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Given the situation that

docs.foo.com/2.9 is the documentation for a product, revision 2.9 and
docs.foo.com/3.0 is the documentation for a product, revision 3.0

Then you might want another URL

docs.foo.com/latest that redirects to docs.foo.com/3.0, until revision 3.1 launches. When the newer version becomes available, it should then lead to docs.foo.com/3.1.

Should docs.foo.com/latest be a 301 redirect with Cache-Control no-store, no-cache, must-revalidate?

Search engines are supposed to index docs.foo.com/2.9, .../3.0 etc., and it would be nice if they recognized .../latest as the most relevant one and therefore favor .../3.0 over .../2.9, and later .../3.1 over the former two.

Does docs.foo.com/latest require additional configuration? Like, should it be disallowed to be indexed directly per robots.txt, or is there a special header that can be set to indicate that this is redirect that refers to the latest version of some content?

There is also the problem that currently docs.foo.com is equivalent to docs.foo.com/2.9, but docs.foo.com then changed and became equivalent to docs.foo.com/3.0. The 3.0 version has a different structure of its sub pages, so that 404 errors error.

Can docs.foo.com be made equivalent to docs.foo.com/latest, so that it also redirects to the latest version, e.g. docs.foo.com/3.1 and search engines be forced to update their indexes to prevent 404 errors if you follow obsolete docs.foo.com links (which were meant to refer to 2.9)?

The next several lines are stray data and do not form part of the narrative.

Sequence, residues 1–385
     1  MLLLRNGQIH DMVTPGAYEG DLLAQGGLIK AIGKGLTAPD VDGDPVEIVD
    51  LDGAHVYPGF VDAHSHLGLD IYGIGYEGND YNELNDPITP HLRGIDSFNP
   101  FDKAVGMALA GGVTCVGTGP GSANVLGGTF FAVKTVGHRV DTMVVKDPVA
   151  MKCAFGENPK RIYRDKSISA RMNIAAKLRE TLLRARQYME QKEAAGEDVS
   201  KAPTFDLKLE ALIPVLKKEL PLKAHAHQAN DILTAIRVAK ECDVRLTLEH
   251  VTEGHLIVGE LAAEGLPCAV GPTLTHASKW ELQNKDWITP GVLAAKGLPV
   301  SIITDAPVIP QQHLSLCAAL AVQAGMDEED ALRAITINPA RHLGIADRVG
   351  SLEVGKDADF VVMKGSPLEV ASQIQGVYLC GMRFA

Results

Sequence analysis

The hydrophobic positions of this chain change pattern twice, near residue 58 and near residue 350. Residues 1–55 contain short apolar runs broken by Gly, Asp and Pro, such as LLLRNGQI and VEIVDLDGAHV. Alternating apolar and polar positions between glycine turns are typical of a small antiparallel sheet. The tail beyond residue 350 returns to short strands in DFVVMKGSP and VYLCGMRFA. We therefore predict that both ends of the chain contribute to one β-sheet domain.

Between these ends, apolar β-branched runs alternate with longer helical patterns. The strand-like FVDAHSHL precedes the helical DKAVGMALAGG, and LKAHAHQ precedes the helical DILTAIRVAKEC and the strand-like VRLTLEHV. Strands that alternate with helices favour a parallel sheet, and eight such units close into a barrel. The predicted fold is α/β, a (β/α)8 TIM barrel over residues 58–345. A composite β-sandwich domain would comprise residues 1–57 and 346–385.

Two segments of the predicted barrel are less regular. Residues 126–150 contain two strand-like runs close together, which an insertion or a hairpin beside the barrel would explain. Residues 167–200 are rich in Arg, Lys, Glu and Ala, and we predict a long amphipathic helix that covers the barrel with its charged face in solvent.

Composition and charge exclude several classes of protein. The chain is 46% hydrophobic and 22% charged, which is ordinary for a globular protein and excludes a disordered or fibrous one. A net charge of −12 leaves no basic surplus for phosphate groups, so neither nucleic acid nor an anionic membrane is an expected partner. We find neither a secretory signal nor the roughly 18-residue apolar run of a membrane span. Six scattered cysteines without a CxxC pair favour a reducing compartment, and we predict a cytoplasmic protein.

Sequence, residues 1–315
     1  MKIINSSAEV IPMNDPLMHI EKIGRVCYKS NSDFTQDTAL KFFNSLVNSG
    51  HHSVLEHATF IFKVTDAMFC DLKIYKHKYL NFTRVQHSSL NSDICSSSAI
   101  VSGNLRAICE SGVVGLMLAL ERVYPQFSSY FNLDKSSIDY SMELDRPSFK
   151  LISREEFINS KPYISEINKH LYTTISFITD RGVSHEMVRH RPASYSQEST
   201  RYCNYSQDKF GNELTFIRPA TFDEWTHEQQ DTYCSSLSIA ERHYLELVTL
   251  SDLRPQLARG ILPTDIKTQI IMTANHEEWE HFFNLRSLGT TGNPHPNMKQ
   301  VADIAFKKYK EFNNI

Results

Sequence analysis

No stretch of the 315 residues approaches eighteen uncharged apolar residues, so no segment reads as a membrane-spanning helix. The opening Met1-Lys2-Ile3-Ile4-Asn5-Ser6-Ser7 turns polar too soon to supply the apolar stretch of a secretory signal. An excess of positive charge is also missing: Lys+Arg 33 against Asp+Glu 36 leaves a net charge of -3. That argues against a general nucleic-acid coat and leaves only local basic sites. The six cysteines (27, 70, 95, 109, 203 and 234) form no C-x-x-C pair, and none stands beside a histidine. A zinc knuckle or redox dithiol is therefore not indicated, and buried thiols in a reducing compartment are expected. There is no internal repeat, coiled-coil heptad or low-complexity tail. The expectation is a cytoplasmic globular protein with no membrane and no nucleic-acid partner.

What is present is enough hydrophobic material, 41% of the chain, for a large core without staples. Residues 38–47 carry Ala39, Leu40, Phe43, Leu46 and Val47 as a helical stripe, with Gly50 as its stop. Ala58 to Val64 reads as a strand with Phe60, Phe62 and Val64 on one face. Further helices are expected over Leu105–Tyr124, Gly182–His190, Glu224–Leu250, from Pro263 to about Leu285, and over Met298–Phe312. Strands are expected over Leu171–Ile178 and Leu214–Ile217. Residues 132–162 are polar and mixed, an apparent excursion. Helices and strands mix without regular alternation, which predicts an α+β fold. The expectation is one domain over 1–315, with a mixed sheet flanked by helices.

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If you 301 redirect an URL then the search engine will merge the records on it's end. Your /latest is filed under /3.0, which is what it will index. This not only prevents /latest being a static resource request but prevents it from even appearing in search.

According to best practices, duplicate content must be canonically linked. This means your latest version page has to canonically link to the /latest URI. You'll have to add a rel=canonical ->/latest to the newest version page. Then remove it and place it in the next version when you upgrade. This means /3.0 won't be indexed until it's superseded because the search engine has merged records into /latest. When /latest is drawing from /3.1, it will have to re-index /3.0.

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  • Regarding the canonical link: I assume every page of the currently latest version of the content should link to its /latest counterpart? Or is it enough to link to the base address docs.foo.com/latest/?
    – CodeManX
    Jun 14 '16 at 11:30
  • Every page has to have it's mirror in a canonical link.
    – L Martin
    Jun 14 '16 at 11:37

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